Parenting When You Have Postpartum Depression

Parenting is rarely “easy.” From sleepless nights to tantrums, from potty training to discipline, being a parent can take a toll on your mind and body. Parenting when you have postpartum depression, however, can be scary, dark and extremely difficult. For some women, postpartum depression is present before birth, sometimes it comes on slowly in the days following delivery, and in some cases, women will have it with one child but not the next. It is anything but predictable.

While it might start with simple irritability or insomnia, postpartum depression also includes severe symptoms such as withdrawal from partners or children, inability to eat or sleep well, confusion, rapid mood swings, suicidal thoughts and feelings of guilt, among others.

“The stereotypical image of having a new baby is one of bliss and joy, but that is not always the case. If you think you are experiencing postpartum depression or anxiety, the first step is to seek help for yourself,” said Dr. Amy Hammers. “Once you are in a better place, it will be easier to care for the rest of your family.”

If you think you are experiencing postpartum depression, or its sibling, postpartum anxiety, share your concerns with a doctor, therapist, friend or family member. Some women respond well to talking, medication, community, sleep or other self-care measures. The following tips can also be helpful during this difficult time:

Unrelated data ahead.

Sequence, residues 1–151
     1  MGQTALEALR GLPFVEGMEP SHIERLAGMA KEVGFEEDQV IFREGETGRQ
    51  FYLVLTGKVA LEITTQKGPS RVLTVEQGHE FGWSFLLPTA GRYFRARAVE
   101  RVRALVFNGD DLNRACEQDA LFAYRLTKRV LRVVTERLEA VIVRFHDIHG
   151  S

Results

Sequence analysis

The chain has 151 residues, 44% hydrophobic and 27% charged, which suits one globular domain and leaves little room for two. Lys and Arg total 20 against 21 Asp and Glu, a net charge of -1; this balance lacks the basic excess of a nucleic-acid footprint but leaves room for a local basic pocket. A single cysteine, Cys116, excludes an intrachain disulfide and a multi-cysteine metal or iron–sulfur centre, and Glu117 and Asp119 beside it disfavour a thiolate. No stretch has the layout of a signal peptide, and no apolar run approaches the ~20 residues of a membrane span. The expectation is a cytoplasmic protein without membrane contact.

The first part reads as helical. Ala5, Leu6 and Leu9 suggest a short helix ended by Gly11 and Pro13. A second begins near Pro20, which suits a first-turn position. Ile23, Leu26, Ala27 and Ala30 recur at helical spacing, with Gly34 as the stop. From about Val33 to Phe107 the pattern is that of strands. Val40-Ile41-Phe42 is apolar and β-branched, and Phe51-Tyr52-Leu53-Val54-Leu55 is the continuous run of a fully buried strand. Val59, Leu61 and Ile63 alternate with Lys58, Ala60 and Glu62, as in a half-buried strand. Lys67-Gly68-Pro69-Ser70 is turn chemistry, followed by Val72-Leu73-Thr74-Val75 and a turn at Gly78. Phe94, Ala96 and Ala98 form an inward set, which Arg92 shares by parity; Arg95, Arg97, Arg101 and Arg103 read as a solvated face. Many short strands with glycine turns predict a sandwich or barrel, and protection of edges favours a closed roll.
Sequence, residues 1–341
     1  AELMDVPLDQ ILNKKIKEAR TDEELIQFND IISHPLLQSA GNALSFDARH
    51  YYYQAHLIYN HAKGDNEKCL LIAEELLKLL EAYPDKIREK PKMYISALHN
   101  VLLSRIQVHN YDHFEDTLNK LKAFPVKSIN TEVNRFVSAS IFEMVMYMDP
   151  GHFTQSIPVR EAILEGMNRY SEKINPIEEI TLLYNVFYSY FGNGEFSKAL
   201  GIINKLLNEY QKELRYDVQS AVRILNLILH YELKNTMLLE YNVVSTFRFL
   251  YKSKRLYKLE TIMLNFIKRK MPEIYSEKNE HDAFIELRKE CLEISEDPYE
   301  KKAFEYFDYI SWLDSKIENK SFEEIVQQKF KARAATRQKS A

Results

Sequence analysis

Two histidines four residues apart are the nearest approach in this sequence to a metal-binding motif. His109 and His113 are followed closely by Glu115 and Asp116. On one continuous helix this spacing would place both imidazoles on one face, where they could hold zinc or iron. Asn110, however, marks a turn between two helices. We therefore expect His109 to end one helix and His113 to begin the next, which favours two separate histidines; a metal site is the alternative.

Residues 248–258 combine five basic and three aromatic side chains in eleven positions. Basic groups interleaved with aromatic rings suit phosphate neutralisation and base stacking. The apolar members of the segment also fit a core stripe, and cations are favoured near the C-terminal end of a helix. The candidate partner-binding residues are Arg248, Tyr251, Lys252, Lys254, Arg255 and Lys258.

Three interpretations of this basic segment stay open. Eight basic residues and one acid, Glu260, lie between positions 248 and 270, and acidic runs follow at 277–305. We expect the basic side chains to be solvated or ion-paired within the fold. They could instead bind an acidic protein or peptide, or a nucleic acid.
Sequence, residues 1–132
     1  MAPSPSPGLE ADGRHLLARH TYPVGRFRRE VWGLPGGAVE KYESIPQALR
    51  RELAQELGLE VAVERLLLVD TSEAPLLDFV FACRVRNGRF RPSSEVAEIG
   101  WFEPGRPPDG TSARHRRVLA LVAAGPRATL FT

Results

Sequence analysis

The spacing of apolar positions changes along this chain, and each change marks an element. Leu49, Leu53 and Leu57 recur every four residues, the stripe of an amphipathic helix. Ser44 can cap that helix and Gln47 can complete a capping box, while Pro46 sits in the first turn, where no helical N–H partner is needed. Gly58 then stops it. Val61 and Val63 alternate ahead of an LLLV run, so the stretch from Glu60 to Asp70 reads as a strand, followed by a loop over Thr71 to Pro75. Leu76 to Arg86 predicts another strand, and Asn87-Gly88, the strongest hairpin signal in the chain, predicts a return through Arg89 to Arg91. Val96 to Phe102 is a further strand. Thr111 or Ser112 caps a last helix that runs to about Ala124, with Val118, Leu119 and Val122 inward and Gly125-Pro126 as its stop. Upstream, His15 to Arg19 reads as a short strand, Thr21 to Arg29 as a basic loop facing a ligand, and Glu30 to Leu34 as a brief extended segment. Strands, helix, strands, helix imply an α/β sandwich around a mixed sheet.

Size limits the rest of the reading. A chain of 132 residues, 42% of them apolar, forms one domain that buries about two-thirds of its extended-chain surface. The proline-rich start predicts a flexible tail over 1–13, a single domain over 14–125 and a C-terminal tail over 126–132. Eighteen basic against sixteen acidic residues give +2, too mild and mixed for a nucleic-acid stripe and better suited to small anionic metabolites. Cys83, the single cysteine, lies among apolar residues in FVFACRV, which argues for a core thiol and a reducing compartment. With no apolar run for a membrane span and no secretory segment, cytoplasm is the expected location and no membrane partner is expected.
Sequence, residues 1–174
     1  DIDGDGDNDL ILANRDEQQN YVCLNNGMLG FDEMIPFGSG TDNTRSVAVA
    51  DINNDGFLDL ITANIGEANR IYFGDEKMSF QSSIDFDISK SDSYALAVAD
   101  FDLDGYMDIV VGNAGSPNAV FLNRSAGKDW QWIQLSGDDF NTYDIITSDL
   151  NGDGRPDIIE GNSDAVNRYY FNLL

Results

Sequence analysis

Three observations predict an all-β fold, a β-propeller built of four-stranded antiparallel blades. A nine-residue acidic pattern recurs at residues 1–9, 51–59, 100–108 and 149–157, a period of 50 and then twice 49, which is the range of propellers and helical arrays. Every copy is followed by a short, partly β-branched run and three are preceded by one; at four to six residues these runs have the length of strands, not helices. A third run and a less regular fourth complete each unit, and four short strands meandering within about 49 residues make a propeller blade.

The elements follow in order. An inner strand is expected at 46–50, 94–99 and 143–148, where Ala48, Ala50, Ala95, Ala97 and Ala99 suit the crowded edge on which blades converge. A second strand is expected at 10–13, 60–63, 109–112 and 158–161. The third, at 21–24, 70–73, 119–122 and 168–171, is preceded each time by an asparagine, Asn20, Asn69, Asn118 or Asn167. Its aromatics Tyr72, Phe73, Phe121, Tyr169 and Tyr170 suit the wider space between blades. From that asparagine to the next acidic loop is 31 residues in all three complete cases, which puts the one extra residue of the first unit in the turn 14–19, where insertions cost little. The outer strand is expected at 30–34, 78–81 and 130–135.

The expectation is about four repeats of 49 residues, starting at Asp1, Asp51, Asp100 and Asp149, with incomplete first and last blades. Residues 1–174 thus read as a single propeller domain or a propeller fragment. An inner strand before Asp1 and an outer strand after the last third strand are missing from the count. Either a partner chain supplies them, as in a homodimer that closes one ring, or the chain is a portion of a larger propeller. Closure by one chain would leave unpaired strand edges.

• Focus on bonding with your baby/other kids. This can be as simple as snuggling in a chair, reading a book or paying attention to your baby’s expressions.
  • Don’t worry about the little things. Let go of the housework and yardwork. Let your partner handle more of the meals or ask friends to set up a meal train or delivery service for a few weeks.
  • Soak up some fresh air and enjoy warm, nutritious foods. You don’t have to worry about getting into your exercise routine right away, but a 15-minute walk can boost your spirits and help you relax and rejuvenate. Likewise, even if you aren’t especially hungry, it is important to make nutritious meals a priority for your body and for your baby, if you’re breastfeeding or pumping.
  • Make time for yourself and your relationship with your partner. This may take some planning, but alone time and time to connect with your partner are vital for your relationships and overall well-being.

“Ultimately, we focus on doing our best. Some days will be better than others, but the good news is that postpartum depression does not last forever and there are many resources to support you and your family,” added Dr. Hammers.


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